I have found that there is a direct correlation between the size of an organization and the number of people who care about the organization’s intellectual property. My underlying premise is that in larger organizations, there are fewer people who care about the company’s intellectual property. Let me explain.
I remember reading somewhere about how entrepreneurs influence the culture of their start-ups. Two guys found a company. Each contributes 50% to the culture of the business. If you are successful, you start hiring more employees, soon you have 5 employees. Now each employee contributes 20% of the culture of the business. What happens to the organization’s culture when you hit 100 employees or 1000? The original culture morphs and shifts as the number of people who influence the organization grows and changes, unless you have a strong, influential leader who controls the ‘culture’, like Steve Jobs.
In my experience working with larger companies, a similar thing happens with IP.
In small organizations, especially start-ups, everyone has a stake in whether or not the company has their innovation and reputation protected. Everyone has their hands on the IP. It’s tangible and it’s important to everyone. It might be the only real asset in your business. But, as businesses scale up, fewer people have a direct connection to the organization’s IP, making it vulnerable to mismanagement.
As companies grow, fewer and fewer people have a personal relationship with the IP. The problem becomes serious in very large organizations with large portfolios where IP is ‘institutionalized’ and ‘compartmentalized’. The intellectual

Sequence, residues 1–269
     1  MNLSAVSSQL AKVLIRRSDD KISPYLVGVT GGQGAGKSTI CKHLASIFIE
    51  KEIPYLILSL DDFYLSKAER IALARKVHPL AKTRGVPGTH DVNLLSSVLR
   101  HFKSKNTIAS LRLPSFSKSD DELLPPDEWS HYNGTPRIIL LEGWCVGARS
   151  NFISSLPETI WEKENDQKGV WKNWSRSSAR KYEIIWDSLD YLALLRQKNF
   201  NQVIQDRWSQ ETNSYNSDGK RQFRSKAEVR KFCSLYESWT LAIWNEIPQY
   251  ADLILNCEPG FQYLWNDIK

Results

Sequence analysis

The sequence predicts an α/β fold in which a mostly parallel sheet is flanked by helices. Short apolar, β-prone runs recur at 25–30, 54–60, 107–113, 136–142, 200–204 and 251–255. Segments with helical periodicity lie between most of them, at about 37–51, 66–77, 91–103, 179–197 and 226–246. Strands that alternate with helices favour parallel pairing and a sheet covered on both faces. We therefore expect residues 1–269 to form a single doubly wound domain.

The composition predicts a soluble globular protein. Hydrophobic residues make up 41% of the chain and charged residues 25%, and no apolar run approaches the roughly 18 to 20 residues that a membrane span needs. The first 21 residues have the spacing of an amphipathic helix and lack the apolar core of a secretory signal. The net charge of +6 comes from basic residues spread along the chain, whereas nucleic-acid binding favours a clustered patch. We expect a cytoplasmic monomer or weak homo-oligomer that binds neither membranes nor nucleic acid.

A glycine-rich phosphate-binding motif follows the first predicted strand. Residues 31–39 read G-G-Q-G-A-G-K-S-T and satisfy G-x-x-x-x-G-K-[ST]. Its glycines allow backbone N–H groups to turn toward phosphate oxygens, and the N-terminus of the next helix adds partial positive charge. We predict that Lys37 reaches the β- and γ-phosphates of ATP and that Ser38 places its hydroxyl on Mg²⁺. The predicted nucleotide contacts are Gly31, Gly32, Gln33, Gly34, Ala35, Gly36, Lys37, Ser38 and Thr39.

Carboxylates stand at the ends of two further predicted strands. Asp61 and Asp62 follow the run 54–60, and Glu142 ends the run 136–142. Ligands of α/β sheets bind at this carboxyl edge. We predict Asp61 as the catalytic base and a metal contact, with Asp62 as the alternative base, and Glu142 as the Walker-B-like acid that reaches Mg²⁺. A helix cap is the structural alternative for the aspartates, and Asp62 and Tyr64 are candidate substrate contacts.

property resides in a department usually separate from the rest of the business. (See my blog post about that here.) Systems and processes are put in place for the capturing and protecting of an organization’s intellectual property that become less personal and more transactional.
The process usually looks something like this. An Inventor files an invention disclosure form. The IP Manager reviews it and tells the patent attorney to write up a patent application and file it with the Patent Office. The inventor gets a patent award payment. The unfortunate reality for many large companies is that in the end, the only people with a stake in the game are the inventor and the patent attorney. If a patent has a 20 year life, who remembers a 15 year old patent? I would say that in a majority of cases only 1, the inventor.
The numbers go up, but where’s the ‘why’ in this process? More importantly, where’s the VALUE? Intellectual property is an important business asset that must be treated as such. When IP is reduced to a mere transaction in a laundry list of ‘to dos’, it is nearly impossible to extract value from those assets. Large organizations need to get back to a place where everyone cares about the company’s intellectual assets. It all goes back to knowing why.